Anthony Edwards

The Timberwolves already have an All-Star center in Karl-Anthony Towns and a lot of mock drafts have Edwards going No. 1 to Minnesota. In the event he is still around at No. 2, Edwards could be an excellent addition to the backcourt and someone who can come in off the bench for Curry or Thompson. Edwards has a solid frame at 6-5 and still has a lot of room for growth in his game. He just turned 19 years old in August and was one of the best scorers in college basketball last season, averaging 19.1 points per game in his one year at Georgia. His shooting percentage was down but teams cannot look past his unbelievable performance against Michigan State where he scored 33 points in one half, including seven threes.

LaMelo Ball

LaMelo Ball of the Hawks looks on during the round 9 NBL match between the New Zealand Breakers and the Illawarra Hawks at Spark Arena on November 30, 2019 in Auckland, New Zealand.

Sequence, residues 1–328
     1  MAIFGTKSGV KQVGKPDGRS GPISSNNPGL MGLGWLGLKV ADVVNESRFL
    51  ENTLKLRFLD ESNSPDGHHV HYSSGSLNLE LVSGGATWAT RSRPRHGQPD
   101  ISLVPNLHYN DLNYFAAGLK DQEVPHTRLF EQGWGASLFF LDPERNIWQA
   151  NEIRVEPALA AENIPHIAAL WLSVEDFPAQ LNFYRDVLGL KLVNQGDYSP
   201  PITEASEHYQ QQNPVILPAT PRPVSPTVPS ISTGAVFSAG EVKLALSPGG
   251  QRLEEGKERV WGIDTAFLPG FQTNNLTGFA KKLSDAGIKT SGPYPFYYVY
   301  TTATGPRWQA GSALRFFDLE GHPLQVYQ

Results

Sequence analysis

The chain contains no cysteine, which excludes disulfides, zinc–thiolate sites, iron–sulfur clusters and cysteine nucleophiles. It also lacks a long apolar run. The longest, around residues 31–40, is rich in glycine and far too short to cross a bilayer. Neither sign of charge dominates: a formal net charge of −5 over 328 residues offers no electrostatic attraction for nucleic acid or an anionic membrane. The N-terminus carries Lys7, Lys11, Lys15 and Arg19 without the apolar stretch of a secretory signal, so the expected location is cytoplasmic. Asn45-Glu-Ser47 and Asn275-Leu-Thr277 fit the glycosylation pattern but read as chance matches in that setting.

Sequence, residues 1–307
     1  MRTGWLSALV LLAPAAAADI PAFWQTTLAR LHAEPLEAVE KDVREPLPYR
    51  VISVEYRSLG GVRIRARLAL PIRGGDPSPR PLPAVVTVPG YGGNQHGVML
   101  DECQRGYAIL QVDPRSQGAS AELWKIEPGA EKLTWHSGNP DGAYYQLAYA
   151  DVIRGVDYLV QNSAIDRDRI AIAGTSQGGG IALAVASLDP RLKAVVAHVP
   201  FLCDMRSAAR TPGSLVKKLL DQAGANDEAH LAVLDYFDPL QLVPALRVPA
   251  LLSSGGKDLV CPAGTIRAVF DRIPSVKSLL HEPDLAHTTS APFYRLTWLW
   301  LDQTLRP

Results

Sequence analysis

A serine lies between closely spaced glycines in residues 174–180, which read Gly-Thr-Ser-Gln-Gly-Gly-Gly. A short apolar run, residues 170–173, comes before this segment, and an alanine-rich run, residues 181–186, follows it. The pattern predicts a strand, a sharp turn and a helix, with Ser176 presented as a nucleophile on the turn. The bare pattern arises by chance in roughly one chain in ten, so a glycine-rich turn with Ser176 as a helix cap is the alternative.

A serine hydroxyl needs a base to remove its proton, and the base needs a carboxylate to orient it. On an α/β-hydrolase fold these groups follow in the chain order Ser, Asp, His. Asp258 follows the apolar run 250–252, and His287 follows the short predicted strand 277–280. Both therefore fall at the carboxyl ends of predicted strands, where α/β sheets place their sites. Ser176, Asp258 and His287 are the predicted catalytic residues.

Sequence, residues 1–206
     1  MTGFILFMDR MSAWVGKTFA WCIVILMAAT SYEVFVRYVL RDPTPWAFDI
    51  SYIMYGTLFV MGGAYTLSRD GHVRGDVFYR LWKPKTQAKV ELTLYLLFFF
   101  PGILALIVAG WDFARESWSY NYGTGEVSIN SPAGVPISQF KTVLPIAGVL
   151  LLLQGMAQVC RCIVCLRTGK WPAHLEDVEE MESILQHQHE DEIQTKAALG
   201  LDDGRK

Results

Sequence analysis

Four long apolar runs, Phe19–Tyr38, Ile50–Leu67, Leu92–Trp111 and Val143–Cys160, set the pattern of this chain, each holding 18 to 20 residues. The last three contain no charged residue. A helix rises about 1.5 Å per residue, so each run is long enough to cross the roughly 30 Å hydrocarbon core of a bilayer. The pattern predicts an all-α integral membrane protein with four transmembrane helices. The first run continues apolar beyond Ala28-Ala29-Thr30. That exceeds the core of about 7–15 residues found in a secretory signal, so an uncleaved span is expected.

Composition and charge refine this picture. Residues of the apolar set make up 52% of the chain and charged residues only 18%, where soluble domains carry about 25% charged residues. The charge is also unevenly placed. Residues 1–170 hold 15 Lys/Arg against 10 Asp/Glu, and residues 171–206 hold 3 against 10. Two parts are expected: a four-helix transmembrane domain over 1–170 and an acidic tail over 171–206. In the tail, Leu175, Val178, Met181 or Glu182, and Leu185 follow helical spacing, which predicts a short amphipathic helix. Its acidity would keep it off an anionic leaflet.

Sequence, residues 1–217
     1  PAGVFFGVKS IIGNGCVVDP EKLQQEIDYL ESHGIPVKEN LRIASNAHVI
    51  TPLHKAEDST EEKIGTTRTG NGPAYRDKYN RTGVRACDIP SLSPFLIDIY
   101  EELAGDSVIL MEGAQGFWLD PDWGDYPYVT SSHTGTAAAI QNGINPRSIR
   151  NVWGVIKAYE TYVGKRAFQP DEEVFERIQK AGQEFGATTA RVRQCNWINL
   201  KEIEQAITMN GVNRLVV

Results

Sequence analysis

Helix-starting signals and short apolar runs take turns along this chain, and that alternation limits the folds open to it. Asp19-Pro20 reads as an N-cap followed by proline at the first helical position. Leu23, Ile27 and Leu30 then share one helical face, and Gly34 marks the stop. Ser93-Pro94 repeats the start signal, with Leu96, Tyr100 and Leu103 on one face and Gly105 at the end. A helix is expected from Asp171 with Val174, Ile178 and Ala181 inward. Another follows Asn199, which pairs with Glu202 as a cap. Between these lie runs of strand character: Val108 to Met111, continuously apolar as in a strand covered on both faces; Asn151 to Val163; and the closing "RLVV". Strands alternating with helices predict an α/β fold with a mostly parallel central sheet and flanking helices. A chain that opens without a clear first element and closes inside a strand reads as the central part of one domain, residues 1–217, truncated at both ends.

LaMelo Ball has the highest ceiling of any player in this year's draft. (Anthony Au-Yeung/Getty Images)

If the Warriors are looking for a third Splash Brother, Ball is it. He already has deep range similar to Curry and Trae Young and could be a good addition coming off the bench and developing further under Curry and Thompson. There’s a lot of criticism surrounding his jump shot after shooting 37.5% from the field and 25% from 3-point range in his one season for the Illawarra Hawks (Australia’s National Basketball League), but he has a high basketball IQ and his shot selection is getting better. Ball is a terrific passer, especially out of the pick-and-roll situation and averaged 6.8 assists per game. He has the highest ceiling of any player in this year’s draft and, like Edwards, is one of the youngest players in this class just turning 19 in August giving him time to grow and develop his game.

Obi Toppin

Toppin is another player who can come in right away and help the Warriors get back to the playoffs next season. He’s one of the older players in the draft turning 22 last March and he played two years at Dayton where he averaged 20 points and 7.5 rebounds per game this past season. At 6-9, Toppin has great size and runs the floor extremely well in transition. He’s also a solid shooter shooting 41.7% in his two seasons and 68.8% from the field. He has the length to defend the perimeter and can step in the lane and be a rim protector.

Deni Avdija